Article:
Gadgets audioengine-hd3

Published on December 30th, 2016 | by Greg


New Year, New Sound: Audioengine’s HD3 Speakers

We’ve been listening to some of the best albums of the year, thanks to the many lists being published as we approach the close of 2016. And while a lot of listening inevitably gets done on the subway, train, bus, plane, or just walking around, the best way to really appreciate most music is probably comfortably at home with a great set of speakers. Whether your taste runs towards Beyonce’s Lemonade or the stellar Frankie Cosmos, A Tribe Called Quest’s latest or the lively Parquet Courts, it’s important to have the right gear!

And perhaps you listen to music mostly from your computer- desktop or laptop- in which case, the Audioengine HD3 Powered Bookshelf Speakers might be just the way to treat yourself to a nice post-holiday gift. The company, now over a decade old, has become pretty well known in audiophile circles and they make a pretty wide range of speakers including the passive, bring-your-own-amp/DAC HDP6s that we checked out late last month. Unlike that one, this model aims to be a bit smaller, near-field, with direct USB connectivity and even built-in Bluetooth. That meant we could connect directly from our smartphones and tablets, stream some songs or even play videos without straining to hear what’s going on. Range was pretty good too; we could play music from a room or two away without dropping signal.

As with any decent Bluetooth system, this one supports high-quality aptX and AAC codecs, which means that even wireless use will sound practically as good as wired. There are dual analog ports (3.5mm minijack and RCA), along with an RCA output on the rear. No remote is included, but you shouldn’t need one, and there is a front-panel volume control along with the pairing button and a headphone output as well. The volume knob felt a little less sturdy and precise than we like, but otherwise the build quality was quite solid- about ten pounds for the pair, with enough heft to provide some decent bass. Whether or not you ring in the New Year with Auld Lang Syne, you should definitely try the HD3s with some opera and classical tracks, anything where vocal range is key.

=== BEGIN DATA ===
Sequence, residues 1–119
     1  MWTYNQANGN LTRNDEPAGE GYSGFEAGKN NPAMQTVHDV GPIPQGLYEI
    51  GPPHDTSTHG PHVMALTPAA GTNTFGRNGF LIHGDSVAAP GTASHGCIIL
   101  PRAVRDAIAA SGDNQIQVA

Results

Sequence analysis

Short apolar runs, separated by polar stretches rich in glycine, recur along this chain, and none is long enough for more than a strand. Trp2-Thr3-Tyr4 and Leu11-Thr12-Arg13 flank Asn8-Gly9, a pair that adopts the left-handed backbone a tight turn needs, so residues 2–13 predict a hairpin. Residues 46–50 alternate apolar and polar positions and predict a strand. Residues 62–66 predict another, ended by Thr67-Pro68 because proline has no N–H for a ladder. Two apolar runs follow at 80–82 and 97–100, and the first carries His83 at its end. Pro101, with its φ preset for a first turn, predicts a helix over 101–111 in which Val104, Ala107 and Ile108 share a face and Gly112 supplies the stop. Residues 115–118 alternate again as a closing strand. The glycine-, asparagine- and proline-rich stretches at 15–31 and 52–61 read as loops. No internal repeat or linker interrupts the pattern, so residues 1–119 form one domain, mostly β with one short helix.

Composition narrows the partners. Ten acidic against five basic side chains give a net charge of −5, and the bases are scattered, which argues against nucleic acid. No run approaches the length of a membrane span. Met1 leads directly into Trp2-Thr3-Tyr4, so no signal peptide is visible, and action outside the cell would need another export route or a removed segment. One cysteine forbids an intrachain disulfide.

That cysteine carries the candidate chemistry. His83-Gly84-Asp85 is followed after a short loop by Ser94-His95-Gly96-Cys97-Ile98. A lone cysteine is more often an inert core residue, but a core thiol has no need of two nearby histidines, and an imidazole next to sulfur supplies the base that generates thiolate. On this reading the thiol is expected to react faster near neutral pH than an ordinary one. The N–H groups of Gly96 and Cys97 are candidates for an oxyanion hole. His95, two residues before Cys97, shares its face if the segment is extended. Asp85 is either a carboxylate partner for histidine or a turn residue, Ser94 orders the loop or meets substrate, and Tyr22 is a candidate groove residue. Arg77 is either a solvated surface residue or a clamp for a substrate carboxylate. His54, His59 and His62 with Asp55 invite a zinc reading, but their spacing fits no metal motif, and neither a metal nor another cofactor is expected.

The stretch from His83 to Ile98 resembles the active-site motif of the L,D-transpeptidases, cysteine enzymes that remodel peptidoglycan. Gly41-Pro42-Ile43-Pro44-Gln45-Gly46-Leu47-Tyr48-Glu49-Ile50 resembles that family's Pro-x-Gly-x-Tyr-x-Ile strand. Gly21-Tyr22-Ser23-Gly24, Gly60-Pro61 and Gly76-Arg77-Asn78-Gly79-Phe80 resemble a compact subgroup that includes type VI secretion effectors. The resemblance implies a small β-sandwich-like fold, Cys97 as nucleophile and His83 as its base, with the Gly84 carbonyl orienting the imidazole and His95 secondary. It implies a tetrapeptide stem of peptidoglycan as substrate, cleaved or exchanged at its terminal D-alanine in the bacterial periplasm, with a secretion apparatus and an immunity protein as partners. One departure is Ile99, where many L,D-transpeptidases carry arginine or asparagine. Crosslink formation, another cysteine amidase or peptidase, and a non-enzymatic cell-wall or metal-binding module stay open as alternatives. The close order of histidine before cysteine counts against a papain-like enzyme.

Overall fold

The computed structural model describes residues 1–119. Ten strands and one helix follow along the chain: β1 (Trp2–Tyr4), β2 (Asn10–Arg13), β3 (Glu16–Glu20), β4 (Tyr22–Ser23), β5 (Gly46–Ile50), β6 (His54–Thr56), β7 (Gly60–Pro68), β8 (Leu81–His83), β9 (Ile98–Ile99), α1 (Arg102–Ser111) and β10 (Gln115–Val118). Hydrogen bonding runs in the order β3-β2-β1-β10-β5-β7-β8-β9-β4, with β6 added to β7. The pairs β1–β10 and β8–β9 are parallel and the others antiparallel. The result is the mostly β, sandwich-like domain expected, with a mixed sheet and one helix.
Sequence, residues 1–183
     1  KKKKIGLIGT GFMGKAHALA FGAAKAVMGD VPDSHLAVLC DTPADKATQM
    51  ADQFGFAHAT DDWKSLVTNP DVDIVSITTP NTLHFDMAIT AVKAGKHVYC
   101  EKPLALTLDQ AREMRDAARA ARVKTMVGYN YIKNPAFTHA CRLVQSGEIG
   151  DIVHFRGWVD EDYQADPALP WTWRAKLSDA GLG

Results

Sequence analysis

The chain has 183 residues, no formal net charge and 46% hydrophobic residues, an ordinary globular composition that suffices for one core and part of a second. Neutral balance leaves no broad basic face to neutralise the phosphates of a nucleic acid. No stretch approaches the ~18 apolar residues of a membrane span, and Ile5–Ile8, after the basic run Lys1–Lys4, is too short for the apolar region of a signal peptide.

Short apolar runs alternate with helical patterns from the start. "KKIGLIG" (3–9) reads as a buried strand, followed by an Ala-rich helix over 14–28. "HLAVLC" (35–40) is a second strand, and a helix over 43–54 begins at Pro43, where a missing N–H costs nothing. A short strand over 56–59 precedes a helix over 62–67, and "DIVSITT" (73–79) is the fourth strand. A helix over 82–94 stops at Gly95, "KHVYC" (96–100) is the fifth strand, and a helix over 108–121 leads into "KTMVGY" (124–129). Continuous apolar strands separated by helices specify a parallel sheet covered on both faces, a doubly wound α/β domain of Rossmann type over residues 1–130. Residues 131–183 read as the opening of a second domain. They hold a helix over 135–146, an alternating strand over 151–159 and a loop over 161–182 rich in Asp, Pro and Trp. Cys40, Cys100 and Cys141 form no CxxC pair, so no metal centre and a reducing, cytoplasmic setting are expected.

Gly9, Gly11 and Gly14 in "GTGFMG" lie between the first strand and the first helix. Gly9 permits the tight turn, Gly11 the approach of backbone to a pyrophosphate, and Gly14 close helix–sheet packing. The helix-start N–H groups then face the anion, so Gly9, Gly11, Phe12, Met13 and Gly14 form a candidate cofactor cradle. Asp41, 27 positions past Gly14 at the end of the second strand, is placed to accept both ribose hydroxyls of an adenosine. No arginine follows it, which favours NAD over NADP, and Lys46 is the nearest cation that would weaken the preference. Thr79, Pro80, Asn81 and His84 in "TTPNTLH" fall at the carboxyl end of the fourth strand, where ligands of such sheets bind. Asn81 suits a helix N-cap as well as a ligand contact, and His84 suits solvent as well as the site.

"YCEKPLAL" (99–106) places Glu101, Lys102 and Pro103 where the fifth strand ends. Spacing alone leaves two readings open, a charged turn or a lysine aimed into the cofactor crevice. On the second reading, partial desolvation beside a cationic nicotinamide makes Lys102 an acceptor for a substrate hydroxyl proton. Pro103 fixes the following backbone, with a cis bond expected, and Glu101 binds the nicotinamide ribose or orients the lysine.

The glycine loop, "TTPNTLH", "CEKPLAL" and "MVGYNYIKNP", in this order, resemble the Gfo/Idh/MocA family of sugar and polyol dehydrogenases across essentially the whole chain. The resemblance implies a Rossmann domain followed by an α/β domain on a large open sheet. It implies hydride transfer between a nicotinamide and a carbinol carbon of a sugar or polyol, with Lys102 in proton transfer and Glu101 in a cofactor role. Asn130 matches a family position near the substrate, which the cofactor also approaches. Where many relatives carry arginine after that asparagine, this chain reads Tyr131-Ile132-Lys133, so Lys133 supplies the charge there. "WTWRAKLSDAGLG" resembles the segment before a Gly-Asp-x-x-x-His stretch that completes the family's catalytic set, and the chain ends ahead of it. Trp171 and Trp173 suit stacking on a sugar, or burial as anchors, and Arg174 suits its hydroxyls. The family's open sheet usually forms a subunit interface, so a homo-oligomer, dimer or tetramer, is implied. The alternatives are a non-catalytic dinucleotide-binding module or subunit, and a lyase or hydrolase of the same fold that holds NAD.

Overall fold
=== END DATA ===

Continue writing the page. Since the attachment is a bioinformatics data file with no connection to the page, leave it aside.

After burning them in for a couple of days, we spent some time testing these with a few different sources and varied genres. And they were, without a doubt, killer for their size and niche- not quite neutral monitors, and perhaps not as bass-focused as a serious gamer might want, but one of the better overall computer-ready 2.0 speaker systems on the market. Their sound stage, especially, is remarkable- transparent, detailed, and deep despite being so compact. Ours were a matte black, rather than the walnut finish pictured, and a cherry wood option is also available. Either way, we think these look better without the magnetic grills that attach and detach easily, showing off the Kevlar woofer and silk tweeter. Sixty watts of power should be plenty, and you can pick these up online and in stores for around $399.

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About the Author

Greg dreamed up the idea for the Truly Network while living in Hawaii, which began with a single site called TrulyObscure. In 2010, when advertisers and readers were requesting coverage beyond the scope of that site, TrulyNet was launched, reaching a broader audience over a variety of niche sites. Formerly the head technology correspondent for the Des Moines Register at age 16, he has since lived and worked in five states and two countries, helping a list of organizations and companies that includes the United States Census Bureau, TripAdvisor, Events Photo Group, Berlitz, and Computer Geeks. He also served as the Content Strategy Manager for HearPlanet, a multi-platform app that has reached over a million users and has been featured in the New York Times, Hemispheres Magazine, National Geographic Adventure, Fox Business News, PC Magazine, and even Apple’s own iPhone ads. Greg has written as a restaurant critic and feature journalist for a number of national and international publications, including City Weekend Magazine, Red Egg Magazine, the Newton Daily News, Capital Change Magazine, and an arm of China Daily, Beijing Weekend. In addition, he has served as a consulting editor for the Foreign Language Press of Beijing, as well as a writer and editor for the George Washington University Hatchet, the school newspaper of his alma mater. Originally from Iowa, Greg is currently living in the West Village of Manhattan.

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